THE COVID-19 DRAFT: LESSONS FROM THE FRONTLINE DOCTORS

John Awah, MD, CCD

No doubt, we are at war against a small virus, the Corona, besieged by a surprising storm. The frontier is moving. From Wuhan in China, across Europe. Surfacing in the United States and leaving behind a trail of dead people. Africa is just getting a whiff of it.

What we know is what we do not know. Luckily, in Africa, we have a small amount of time to make sense of it all. We can learn from the war field and prepare before it hits home with full impact.

My son is a Medical Resident, training to be an orthopedic surgeon, in a leading hospital in New York. April 1st, 2020 he was put in the front line, the Intensive Care ward of his hospital, in the fight against the common enemy, the Covid -19. He said it felt like he was drafted. He has no choice but to commit to his pledge to save life, one at a time.

He will be one of the many doctors whose stories I have put together about the reality of caring for Covid-19 patients. These are true stories from real doctors and their first hand experience of the reality on ground in hard hit areas in the first world.

With these stories, Africa, Ghana, can prepare to prevent the full impact of this virus. Some of the front line doctors sent their families away, to be alone. Others self-quarantine as soon as they get to their apparent safe haven, home. When not on duty these doctors are very isolated and literally so.

The first world, even, is overwhelmed, and do not have enough kits to test the front line doctors. The inadequacy of PPE’s to the front line medical staff is very apparent and shows how ill-prepared we are. As a result some of these doctors catch the virus, may pass it on unknowingly, and some succumbed.

The doctors gown the whole shift in the PPE, avoiding eating or drinking during this period, in an attempt to avoid touching their face with contaminated hands. When they get home they dispose their outer cloths outside the confines of their home.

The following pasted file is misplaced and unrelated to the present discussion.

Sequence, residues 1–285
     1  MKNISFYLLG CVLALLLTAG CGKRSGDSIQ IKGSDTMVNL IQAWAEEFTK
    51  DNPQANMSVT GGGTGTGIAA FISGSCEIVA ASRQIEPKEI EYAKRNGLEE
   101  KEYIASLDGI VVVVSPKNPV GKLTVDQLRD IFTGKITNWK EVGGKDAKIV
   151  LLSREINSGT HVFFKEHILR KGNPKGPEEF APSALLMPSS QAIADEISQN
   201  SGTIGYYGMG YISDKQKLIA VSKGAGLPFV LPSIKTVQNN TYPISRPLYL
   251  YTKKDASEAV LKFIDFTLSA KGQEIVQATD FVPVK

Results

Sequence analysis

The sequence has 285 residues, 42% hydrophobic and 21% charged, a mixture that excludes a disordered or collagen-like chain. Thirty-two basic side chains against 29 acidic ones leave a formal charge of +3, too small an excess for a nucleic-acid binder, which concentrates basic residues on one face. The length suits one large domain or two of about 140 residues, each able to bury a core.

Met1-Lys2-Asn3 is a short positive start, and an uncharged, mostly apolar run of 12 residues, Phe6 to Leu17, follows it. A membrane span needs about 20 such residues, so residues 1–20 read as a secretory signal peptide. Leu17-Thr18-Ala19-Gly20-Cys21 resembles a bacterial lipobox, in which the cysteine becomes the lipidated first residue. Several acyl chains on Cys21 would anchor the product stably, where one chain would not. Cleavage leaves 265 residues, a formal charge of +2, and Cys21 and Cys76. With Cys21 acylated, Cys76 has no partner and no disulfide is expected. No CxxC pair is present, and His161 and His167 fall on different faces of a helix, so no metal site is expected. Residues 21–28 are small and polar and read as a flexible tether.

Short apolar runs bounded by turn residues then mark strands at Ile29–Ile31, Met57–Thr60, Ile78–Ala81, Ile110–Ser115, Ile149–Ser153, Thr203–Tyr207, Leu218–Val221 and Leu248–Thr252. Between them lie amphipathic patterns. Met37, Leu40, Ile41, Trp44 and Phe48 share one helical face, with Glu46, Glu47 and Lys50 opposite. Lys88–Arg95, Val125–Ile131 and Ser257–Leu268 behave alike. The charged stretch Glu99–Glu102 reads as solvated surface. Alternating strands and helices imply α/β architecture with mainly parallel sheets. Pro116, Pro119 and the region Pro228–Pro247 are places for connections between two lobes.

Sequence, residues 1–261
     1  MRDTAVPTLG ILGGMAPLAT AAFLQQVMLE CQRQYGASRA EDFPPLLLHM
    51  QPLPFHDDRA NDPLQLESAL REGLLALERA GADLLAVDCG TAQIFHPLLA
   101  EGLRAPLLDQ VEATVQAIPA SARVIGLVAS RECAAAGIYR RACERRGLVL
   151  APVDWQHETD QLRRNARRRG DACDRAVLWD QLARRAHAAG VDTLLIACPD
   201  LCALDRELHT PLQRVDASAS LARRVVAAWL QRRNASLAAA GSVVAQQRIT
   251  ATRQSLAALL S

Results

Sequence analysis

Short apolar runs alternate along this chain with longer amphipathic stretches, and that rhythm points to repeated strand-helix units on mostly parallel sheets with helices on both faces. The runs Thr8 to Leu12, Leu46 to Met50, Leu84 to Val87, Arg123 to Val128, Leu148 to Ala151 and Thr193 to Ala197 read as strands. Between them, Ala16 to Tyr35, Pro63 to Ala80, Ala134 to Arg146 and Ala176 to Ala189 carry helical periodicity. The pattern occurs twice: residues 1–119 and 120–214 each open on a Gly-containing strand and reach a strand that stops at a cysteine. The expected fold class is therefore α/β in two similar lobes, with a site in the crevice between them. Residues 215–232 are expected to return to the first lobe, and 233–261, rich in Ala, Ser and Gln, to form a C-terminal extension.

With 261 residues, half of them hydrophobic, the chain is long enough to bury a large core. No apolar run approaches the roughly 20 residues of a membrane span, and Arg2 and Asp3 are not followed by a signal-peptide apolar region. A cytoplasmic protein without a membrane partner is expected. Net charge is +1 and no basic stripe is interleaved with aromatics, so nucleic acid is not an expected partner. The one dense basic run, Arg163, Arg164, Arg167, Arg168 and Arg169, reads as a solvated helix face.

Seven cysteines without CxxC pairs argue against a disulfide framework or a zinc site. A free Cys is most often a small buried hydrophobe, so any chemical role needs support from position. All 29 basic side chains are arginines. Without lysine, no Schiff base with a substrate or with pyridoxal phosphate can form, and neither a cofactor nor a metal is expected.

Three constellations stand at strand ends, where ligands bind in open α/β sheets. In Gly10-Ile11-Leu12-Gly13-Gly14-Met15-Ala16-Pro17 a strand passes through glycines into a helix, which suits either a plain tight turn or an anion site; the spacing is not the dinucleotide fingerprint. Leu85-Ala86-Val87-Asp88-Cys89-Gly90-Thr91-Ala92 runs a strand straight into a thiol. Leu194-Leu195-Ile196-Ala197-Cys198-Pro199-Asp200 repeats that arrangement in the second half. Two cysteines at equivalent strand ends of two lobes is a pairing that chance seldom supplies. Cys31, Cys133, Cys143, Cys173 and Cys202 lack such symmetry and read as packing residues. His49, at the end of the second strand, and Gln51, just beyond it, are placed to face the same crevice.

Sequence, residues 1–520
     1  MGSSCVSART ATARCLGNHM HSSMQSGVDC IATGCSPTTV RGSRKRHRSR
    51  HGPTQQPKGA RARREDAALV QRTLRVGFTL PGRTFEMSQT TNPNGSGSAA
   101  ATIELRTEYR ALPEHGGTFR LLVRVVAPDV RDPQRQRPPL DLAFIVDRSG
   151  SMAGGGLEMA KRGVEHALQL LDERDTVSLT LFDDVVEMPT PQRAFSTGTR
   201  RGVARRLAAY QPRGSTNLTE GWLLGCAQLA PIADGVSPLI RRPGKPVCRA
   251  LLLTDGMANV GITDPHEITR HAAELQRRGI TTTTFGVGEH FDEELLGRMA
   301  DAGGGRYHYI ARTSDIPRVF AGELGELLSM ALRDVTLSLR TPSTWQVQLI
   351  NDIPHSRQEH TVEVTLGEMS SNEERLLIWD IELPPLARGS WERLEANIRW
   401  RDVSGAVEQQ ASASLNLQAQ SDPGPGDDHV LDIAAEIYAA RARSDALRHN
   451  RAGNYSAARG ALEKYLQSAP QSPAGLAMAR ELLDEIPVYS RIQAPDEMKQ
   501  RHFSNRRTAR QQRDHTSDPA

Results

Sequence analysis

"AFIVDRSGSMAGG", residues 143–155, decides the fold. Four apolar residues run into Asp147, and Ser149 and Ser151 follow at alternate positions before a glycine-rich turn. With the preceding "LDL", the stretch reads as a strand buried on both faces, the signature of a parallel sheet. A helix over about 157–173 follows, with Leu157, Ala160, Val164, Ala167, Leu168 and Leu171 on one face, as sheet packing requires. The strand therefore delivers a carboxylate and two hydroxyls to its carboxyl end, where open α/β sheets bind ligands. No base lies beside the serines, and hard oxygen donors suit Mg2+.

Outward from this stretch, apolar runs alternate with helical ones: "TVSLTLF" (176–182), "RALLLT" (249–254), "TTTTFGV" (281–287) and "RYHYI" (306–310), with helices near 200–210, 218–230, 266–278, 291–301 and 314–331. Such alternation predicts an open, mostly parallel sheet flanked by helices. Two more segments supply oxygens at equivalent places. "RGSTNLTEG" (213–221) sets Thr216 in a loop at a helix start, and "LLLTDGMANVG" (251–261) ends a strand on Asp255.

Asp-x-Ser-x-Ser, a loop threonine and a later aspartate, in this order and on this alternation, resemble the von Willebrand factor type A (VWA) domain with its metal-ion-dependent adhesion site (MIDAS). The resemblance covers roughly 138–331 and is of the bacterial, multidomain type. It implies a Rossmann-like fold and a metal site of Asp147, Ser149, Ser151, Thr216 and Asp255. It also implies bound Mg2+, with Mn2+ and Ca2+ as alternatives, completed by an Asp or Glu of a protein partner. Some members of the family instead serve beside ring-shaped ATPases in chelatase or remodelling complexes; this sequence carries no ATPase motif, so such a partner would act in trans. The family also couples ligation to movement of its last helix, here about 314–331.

The patients they see have a predictable clinical course. They typically present 2-11 days after apparent contact to the source of infection. The usual symptoms are fever, headache, dry cough, body pain, nausea, abdominal discomfort, diarrhea, fatigue, loss of taste, loss of smell and poor appetite.

Typically, about 81% of patients will have mild symptoms and will recover. 14 % will require hospital admission and 5 % will develop a very serious disease requiring an ICU bed. So, theoretically, in Ghana with a population of about 32 million people, assuming we all get infected at the same time, there will be the need of 1.6 million ICU beds or deaths.

About 5 days after presenting to a health facility, those with weak immunity will have increased shortness of breath, secondary to direct invasion of the tissue of both lungs by the virus. This is called viral interstitial pneumonia.

About day 10, they rapidly go into multiple organ failure including acute respiratory distress syndrome. This is due to a cytokine storm. The latter are a group of proteins released by the immune system in an attempt to control the infection. In an overwhelming infection like Covid-19, the cytokines continue to work even after overcoming the virus and misdirect their target to the lungs, liver, kidneys, heart and brain, leading to failure of these organs. This is serious and happens very quickly. Death occurs within hours unless drastic measures are taken including ventilation and ICU care. The Cytokine storm is measured by checking the blood for Interleukin-6 (IL6).

It is important to make sense of the laboratory tests. The oxygen content in blood is measured by the pulse oximeter and in Covid patients, this is usually less than 95% with or without symptoms of breathing difficulty. Chest x-ray is not reliable to make a diagnosis; it may show infiltration in one or both lungs or none at all. Our stethoscopes
are useless in this instance to pick up the usual signs of pneumonia. It is therefore, not a tool needed in these patients and can be a source of contamination to the next patient. If the doctor needs to use it to exclude other lung ailments, a glove must be put over it before using it and the glove is discarded after use.